Bone scintigraphy of severe hypercalcemia following simvastatin induced rhabdomyolysis

Zubair B. Mirza, Sophia Hu, Louis F. Amorosa

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8 Scopus citations


Simvastatin induced rhabdomyolysis with renal failure is a well reported clinical entity with hyperkalemia recognized as a life threatening risk. The risk of delayed hypercalcemia during the recovery of renal function is not well appreciated as this varies in severity and can be caused by multiple mechanisms. We present a patient with high dose simvastatin induced rhabdomyolysis leading to late onset of severe hypercalcemia due to calcium phosphate deposition in muscles diagnosed by distinctive bone scintigraphy. A 60-year-old Asian male was admitted to the hospital for profound weakness one week following the initiation of simvastatin 80 mg daily post myocardial infarction. His clinical course was complicated by contrast nephropathy. One week later, he developed progressive weakness in all his extremities and inability to raise his head and eat. Simvastatin was discontinued at this point. CPK elevation to greater than 425,000 U was found, consistent with rhabdomyolysis. He became oliguric requiring hemodialysis. Muscle biopsy showed severe muscle necrosis and type 2 fiber atrophy. One month later, he developed hypercalcemia with suppressed intact PTH and 1, 25(OH) D levels. Whole body bone scintigraphy showed calcium phosphate deposition throughout his musculature. His calcium levels normalized in 1 week on hemodialysis. This patient's experience illustrates the marked risk of delayed severe hypercalcemia from rhabdomyolysis due to dissolution of myocellular calcium phosphate deposits. It also provides an opportunity to review the different mechanisms of hypercalcemia especially in statin induced rhabdomyolysis. Recognition of this phenomenon is critical for appropriate follow up and treatment of such patients.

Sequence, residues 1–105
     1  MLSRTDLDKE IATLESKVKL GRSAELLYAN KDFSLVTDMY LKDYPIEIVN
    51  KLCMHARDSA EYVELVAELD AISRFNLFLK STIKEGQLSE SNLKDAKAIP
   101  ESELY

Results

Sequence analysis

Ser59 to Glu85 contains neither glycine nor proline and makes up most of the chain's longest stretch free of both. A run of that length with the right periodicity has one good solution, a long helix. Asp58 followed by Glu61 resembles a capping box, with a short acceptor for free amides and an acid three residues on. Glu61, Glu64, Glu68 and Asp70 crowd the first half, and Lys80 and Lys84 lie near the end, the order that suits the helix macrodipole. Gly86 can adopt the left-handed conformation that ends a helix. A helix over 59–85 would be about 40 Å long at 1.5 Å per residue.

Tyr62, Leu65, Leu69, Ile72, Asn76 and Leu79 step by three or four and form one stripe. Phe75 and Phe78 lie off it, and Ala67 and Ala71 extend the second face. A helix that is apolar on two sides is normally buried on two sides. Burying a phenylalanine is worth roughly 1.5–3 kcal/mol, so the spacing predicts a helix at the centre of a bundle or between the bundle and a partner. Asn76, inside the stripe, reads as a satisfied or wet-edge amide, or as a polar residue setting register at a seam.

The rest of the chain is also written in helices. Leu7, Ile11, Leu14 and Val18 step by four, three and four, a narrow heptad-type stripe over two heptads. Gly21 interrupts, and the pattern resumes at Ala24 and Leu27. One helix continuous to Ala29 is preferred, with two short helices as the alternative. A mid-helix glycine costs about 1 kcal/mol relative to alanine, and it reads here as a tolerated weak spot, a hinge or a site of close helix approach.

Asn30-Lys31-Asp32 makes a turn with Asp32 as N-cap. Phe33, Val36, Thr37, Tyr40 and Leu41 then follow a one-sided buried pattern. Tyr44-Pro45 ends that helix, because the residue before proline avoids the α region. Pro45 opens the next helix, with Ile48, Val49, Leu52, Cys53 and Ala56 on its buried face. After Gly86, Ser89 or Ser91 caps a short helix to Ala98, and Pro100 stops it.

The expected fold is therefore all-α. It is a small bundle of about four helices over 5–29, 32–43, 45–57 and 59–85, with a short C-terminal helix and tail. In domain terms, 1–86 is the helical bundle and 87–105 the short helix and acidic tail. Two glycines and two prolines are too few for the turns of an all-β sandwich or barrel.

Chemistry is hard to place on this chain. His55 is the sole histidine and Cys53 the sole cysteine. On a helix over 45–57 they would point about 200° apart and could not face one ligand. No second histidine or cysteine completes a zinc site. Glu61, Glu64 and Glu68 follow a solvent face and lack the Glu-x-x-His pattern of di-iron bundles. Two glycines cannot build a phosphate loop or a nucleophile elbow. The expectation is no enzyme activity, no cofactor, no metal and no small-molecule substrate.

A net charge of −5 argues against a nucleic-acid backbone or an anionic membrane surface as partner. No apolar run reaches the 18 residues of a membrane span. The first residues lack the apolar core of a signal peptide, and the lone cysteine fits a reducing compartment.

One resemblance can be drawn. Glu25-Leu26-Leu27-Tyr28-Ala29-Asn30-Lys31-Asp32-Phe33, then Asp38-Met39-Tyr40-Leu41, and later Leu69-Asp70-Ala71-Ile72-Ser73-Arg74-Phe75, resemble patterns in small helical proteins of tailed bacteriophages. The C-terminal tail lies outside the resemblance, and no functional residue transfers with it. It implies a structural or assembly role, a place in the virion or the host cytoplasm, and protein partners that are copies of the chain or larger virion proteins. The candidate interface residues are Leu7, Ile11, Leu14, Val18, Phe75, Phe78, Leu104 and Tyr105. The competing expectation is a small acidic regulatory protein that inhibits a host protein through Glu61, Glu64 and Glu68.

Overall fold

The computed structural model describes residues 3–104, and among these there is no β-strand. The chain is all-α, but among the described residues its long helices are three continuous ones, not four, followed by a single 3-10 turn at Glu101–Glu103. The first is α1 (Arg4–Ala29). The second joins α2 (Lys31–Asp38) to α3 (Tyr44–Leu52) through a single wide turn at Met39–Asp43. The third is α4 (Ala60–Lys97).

Original languageEnglish (US)
Pages (from-to)257-261
Number of pages5
JournalClinical Cases in Mineral and Bone Metabolism
Issue number3
StatePublished - 2016

All Science Journal Classification (ASJC) codes

  • Internal Medicine
  • Endocrinology, Diabetes and Metabolism


  • Bone scintigraphy
  • Hypercalcemia
  • Myocellular calcium phosphate deposits
  • Rhabdomyolysis
  • Statins


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